What is causing the crisis?
Early research suggested a disease, probably a virus, was responsible. Autopsies found the liver and other organs covered with whitish crystals assumed to be uric acid, deposits of which cause gout in humans. Once afflicted, birds seemed unable to recover. A characteristic symptom was drooping of the head, the neck dangling almost as if broken.
The disease appeared to be spreading: by late 2000, the first symptoms were recorded in Pakistan, following the rapid decline of some populations of White-rumped Vultures in Nepal. Researchers feared that a westward spread through Pakistan and on to Europe, the Middle East and Africa was inevitable, with the involvement of another species, Eurasian Griffon G. fulvus, which comes into contact with White rumped Vulture in Pakistan.
Research by the Bombay Natural History Society (BNHS, BirdLife in India) showed most of the affected birds were suffering from acute gout and gut inflammation. Researchers continued to suspect a disease, most likely a virus, but felt this might only be part of the story.
"Since the outbreak of the disease in India, we have witnessed an increase in the number of Eurasian Griffon Vultures spending the winter in India. This species belongs to the same group as those affected and there is every likelihood that Eurasian Griffon Vultures will also be affected." —Dr Andrew Cunningham, Head of Wildlife Epidemiology, ZSL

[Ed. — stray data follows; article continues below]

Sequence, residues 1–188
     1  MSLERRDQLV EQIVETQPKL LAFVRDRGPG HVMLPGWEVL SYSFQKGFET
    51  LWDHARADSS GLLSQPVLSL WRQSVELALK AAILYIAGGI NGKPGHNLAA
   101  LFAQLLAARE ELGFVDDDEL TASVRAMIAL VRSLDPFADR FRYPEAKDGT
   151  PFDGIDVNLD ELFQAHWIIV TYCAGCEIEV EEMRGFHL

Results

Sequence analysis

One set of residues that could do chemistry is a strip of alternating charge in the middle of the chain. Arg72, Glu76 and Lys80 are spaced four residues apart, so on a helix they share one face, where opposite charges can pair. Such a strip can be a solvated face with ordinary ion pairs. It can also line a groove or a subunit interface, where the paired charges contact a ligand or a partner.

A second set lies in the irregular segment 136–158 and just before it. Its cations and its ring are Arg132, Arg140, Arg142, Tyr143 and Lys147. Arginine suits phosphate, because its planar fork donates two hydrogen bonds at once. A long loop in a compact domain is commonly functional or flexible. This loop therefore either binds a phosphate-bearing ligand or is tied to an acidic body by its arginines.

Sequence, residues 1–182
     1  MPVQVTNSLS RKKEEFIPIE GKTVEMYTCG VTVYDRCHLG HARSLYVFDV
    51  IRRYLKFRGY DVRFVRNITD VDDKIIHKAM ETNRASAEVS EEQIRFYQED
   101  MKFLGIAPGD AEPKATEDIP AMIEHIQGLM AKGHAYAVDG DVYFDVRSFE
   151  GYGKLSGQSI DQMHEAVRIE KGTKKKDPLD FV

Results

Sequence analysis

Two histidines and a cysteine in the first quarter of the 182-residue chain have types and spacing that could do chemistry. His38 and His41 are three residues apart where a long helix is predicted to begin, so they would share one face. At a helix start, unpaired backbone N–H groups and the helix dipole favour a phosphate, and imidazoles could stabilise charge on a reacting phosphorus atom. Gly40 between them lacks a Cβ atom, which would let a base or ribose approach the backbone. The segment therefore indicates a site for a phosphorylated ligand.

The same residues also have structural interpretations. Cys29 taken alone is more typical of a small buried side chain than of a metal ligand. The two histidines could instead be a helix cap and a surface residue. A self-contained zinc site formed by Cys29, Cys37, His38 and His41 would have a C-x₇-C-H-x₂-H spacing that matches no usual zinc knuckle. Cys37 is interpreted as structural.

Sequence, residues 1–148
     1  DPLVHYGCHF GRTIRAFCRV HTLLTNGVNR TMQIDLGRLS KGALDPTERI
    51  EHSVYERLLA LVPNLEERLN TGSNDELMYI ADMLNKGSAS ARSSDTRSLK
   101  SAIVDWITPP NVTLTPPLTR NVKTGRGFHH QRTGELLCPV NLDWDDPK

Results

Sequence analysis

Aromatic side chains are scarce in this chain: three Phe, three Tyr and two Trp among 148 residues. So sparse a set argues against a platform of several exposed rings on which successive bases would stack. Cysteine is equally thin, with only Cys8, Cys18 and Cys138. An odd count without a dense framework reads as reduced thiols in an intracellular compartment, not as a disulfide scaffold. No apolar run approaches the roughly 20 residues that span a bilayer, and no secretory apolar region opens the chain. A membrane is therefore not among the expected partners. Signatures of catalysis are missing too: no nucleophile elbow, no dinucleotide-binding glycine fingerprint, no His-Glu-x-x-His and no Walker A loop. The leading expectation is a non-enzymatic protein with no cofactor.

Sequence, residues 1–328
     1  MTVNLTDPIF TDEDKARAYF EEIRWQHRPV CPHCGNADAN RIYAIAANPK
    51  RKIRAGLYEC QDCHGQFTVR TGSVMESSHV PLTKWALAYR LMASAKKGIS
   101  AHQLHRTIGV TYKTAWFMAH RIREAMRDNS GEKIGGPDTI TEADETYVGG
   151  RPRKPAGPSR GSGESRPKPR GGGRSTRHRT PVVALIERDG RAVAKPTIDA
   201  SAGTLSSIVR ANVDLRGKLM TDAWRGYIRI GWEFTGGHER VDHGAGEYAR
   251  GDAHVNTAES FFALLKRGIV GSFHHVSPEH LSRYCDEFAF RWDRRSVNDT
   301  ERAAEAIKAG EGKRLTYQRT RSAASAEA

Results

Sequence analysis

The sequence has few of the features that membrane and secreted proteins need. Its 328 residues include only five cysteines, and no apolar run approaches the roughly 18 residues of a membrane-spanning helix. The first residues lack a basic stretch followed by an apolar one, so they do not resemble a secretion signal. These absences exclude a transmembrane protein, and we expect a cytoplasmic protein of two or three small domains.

The three affected species were mostly sedentary, which researchers believed had helped stopped the ‘disease’ spreading to other Gyps species. However, following the beginning of the decline in the three resident species, there was an increase in the number of Eurasian Griffons wintering in India. Concerned that this would put other species of vulture at risk, researchers from BNHS, the RSPB (BirdLife in the UK) and the Zoological Society of London began a programme of satellite tracking to monitor Eurasian Griffon movements. The three partners also set up a Vulture Care Centre in Haryana State, India.
In May 2003, at a meeting of raptor biologists, a scientist working with The Peregrine Fund, presented information on the deaths of vultures from three colonies in Pakistan, which opened up a new possibility. Birds with gout had high levels of an anti-inflammatory painkilling drug (diclofenac) in their kidneys, while birds that had not died from gout had undetectable levels.
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